Dallas-bound Southwest Airlines flight 1380 made an emergency landing in Philadelphia on Tuesday, 20 minutes after leaving LaGuardia, because of an uncontained engine failure. It started when a fan blade from the left engine (a CFM56, to be exact) snapped off due to metal fatigue (you can read more about metal fatigue here). Forty-three-year-old Jennifer Riordan was partially sucked through an opening in the plane, and though passengers helped her back inside, she died from blunt trauma later that day. This tragic incident probably triggered an unavoidable question, even if Southwest pilot Tammie Jo Shults was able to safely land the aircraft: how often do planes crash?
Shults released the following statement on Wednesday:
Please see below a statement from the Captain and First Officer of Flight 1380. pic.twitter.com/RjoCpucGGS
— Southwest Airlines (@SouthwestAir) April 19, 2018
Riordan’s death was the first on a U.S. commercial aircraft since 2009, when a Colgan Air flight lost control while en route to landing at Buffalo-Niagara International Airport and crashed into a home, killing 50, including a resident of that home.
National Transportation Safety Board Chairman Robert Sumwalt says that they see “about three or four [uncontained failures] a year,” which, according to Politico, don’t always involve U.S. airlines.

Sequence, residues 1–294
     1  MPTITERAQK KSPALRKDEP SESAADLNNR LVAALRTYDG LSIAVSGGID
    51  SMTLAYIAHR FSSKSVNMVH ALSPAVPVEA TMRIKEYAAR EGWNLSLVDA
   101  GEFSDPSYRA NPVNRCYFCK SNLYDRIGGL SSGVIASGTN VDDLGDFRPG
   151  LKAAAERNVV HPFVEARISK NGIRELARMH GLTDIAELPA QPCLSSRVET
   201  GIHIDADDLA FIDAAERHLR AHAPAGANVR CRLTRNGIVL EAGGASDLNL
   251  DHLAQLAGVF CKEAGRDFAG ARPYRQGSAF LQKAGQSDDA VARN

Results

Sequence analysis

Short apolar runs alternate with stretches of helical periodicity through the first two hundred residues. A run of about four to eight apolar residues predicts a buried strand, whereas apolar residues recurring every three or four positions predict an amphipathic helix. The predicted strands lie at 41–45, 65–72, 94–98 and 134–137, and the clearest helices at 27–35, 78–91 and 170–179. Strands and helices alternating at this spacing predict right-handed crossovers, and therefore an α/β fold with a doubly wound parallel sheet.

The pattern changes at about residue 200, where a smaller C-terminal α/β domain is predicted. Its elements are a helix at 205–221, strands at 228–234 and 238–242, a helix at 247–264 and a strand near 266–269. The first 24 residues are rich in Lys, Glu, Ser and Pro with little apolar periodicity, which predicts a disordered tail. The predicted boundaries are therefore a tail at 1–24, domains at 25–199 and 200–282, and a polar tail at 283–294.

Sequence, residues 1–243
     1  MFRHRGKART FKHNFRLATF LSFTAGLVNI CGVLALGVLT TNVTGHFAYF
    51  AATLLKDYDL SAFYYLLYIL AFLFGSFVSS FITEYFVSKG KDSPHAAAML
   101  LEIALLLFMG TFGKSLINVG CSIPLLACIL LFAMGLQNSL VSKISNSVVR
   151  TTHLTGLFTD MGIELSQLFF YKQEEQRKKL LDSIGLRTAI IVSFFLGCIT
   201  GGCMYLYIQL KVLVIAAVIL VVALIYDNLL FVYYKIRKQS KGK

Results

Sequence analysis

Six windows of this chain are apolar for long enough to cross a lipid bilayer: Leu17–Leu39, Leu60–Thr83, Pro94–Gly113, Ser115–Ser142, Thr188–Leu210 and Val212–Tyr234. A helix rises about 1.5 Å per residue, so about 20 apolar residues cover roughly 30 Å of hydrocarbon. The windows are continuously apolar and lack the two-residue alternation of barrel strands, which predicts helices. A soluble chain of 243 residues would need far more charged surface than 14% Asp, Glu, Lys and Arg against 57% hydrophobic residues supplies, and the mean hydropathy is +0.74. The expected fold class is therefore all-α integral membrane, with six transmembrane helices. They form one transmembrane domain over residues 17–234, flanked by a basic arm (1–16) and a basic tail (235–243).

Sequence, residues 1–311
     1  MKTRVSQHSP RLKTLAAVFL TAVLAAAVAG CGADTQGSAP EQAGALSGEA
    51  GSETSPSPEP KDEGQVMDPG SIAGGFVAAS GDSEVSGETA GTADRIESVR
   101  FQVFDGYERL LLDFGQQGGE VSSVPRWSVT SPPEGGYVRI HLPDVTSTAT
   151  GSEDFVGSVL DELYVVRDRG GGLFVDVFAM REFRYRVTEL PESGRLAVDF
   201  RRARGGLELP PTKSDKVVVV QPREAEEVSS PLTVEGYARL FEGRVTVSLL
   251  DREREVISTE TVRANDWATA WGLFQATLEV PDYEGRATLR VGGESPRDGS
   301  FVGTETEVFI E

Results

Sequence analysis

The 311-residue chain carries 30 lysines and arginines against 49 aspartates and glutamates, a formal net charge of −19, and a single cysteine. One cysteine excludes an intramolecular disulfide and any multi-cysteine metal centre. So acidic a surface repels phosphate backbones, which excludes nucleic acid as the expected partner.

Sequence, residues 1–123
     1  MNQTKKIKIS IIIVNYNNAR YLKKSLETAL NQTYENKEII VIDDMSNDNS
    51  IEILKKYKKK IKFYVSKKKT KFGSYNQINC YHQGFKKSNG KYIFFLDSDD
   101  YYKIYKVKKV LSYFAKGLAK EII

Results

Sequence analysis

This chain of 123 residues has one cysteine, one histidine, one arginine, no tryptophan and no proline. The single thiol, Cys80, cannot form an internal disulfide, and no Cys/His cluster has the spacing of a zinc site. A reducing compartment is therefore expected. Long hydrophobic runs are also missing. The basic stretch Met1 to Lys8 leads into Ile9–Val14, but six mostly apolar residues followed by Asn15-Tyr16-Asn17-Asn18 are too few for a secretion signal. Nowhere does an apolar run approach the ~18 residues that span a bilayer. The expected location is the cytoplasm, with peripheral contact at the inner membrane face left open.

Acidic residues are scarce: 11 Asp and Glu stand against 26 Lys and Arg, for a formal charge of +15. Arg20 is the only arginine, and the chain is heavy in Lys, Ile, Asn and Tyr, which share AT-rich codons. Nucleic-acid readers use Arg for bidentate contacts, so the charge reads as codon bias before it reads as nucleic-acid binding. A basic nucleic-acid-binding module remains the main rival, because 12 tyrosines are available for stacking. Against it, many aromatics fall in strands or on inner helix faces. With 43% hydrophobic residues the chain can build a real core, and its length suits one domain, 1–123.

The U.S. Federal Aviation Administration (FAA) is ordering an inspection of fan blades on about 220 CFM56-7B engines within the next six months. More than 300 airlines use CFM56 engines, reports CNBC.
— The FAA (@FAANews) April 19, 2018
How often do planes crash?
Plane crashes are rare.
Last year was the safest so far: The Aviation Safety Network recorded a total of 14 fatal “hull loss” accidents worldwide in 2017, with 59 casualties. Hull loss is defined as “an event in which an aircraft is destroyed or damaged beyond economical repair.”
There were a total of 17 in 2016, with a reported 258 casualties. The Network notes that these numbers do not include, “corporate jet and military transport accidents/hijackings.”
Airbus reported that, in 2016, there was a rate of 0.39 hull losses per million flight cycles.
So, how often do planes crash? Not often. In fact, you’re more likely to get into an accident in a car than while on board a plane.
According to Fortune, based on National Safety Council data, Americans have a 1 in 114 chance of dying in a car crash. The chances of dying in air and space accidents are 1 in 9,821. So please, breathe easy, and don’t return those airline tickets for your upcoming vacation.